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Danger Thin Ice
Presented by Working Class Productions

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Reviewed: 2006-08-02 04:01:49
Rated: 9 out of 10 [4.5 Stars]
By: Leila Marston (primordialmuse@gmail.com)

Danger Thin Ice invites the audience into the precariously balanced life of a recently dumped Winnipeg woman whose crisply articulated routines hide a rapidly fragmenting mind.  Writer-performer Andrea Shawcross has composed an excellent script, and plays the role with frighteningly convincing depth.  From the beginning, it's clear that the young woman is unstable, and the story moves her into a downward spiral towards her secret, revealed in the taut ending.

It's a magnetic performance.  The viewer is invited into the almost claustrophobic space of a lonely, needy young woman who clings to a man she knows is no good, and follows her development - or rather, degeneration - after she is abandoned and tries to rationalise all that has occurred.  She is a completely believable character, her movements and gestures precise with restrained anger and fear. 

Small details show an enormous amount of thought and preparation in the show's crafting - witness one scene in which she fills a wine goblet to the very top, emptying the wine bottle perfectly without spilling a drop, so exact it drew spontaneous applause.  Subtle lighting cues differentiate night and day, present and memories, reality and fantasy.  The script is very real, raw and immediate, and is tangential in several places precisely because it must be so, because the character speaking is not rational, because she must ramble and rationalise and rail without result.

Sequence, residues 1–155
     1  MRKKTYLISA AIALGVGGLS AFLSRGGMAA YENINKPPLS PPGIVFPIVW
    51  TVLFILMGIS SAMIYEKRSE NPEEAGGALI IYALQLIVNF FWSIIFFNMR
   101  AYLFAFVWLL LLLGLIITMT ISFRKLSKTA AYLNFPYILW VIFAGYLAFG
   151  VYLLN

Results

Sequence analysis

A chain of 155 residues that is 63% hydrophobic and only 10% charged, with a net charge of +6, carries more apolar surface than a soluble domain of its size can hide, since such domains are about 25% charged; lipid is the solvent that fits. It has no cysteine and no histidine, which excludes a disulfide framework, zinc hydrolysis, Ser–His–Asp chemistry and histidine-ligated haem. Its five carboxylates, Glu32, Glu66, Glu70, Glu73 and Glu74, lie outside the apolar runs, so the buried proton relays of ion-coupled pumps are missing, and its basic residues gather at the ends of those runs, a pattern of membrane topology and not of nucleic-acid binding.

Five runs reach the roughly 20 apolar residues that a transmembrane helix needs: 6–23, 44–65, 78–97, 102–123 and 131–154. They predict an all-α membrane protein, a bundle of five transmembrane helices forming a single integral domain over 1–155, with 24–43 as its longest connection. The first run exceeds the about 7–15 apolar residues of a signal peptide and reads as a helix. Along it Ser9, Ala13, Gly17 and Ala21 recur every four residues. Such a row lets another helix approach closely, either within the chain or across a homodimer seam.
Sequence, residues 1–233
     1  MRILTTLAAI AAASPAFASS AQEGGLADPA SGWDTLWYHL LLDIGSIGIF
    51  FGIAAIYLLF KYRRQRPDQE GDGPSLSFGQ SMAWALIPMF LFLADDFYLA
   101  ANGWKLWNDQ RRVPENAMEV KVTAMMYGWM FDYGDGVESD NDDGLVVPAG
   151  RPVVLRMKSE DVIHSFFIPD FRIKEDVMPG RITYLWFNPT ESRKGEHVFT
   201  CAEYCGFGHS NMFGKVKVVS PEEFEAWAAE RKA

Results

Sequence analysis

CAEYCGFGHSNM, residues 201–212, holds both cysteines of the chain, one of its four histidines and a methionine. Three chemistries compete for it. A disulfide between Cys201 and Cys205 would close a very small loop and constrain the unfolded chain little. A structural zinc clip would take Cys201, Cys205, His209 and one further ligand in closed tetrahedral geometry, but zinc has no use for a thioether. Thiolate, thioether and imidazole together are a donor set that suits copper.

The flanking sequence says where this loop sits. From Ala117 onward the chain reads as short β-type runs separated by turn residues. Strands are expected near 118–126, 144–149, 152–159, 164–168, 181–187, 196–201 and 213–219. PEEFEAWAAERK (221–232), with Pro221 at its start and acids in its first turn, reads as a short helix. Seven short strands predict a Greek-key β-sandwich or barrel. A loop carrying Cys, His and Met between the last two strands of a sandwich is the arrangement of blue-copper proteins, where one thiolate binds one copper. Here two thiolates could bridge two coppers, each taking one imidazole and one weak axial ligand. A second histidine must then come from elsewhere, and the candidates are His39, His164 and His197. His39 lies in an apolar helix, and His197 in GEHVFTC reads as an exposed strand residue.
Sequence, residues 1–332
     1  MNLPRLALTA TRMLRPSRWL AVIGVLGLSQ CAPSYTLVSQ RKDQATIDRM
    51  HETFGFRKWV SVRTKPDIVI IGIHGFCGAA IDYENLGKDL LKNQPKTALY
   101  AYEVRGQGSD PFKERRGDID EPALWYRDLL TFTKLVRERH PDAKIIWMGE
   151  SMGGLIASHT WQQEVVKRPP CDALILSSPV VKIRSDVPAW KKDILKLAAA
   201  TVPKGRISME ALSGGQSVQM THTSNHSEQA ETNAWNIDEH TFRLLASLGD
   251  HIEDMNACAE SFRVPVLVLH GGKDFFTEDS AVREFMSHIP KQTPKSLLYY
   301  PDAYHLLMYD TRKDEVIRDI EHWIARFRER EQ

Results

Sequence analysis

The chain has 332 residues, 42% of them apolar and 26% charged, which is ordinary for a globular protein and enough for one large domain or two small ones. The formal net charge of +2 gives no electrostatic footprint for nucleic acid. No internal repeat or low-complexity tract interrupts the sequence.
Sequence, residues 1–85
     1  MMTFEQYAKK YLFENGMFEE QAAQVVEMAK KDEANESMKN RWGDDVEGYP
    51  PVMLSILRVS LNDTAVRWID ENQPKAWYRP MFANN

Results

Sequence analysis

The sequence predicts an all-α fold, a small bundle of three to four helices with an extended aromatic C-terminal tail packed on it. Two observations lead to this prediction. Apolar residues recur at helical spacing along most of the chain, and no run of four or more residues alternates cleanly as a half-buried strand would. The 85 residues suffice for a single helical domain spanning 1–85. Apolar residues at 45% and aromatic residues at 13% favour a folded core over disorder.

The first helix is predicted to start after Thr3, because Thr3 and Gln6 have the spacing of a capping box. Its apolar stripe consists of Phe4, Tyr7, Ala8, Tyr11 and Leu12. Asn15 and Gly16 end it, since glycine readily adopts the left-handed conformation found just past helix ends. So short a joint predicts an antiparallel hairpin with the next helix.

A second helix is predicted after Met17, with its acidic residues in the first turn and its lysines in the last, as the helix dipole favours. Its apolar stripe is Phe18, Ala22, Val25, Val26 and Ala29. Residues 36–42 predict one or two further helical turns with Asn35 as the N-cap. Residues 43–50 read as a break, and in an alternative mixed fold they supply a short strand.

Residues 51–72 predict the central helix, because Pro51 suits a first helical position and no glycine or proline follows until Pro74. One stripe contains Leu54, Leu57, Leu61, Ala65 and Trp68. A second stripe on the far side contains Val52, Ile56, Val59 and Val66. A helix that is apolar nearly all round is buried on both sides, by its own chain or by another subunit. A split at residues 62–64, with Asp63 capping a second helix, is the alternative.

This was a brilliant, moving play, and I removed a half-star from a perfect evaluation to leave the ranking slightly imperfect - it seems most apt for a performance entirely driven by the darkness and deep flaws of a single wounded character.

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Winnipeg Fringe Theatre Festival
Quote of the Moment
"But, soft! What light through yonder window breaks? It is the east, and Juliet is the sun."
-- Romeo (Romeo and Juliet)

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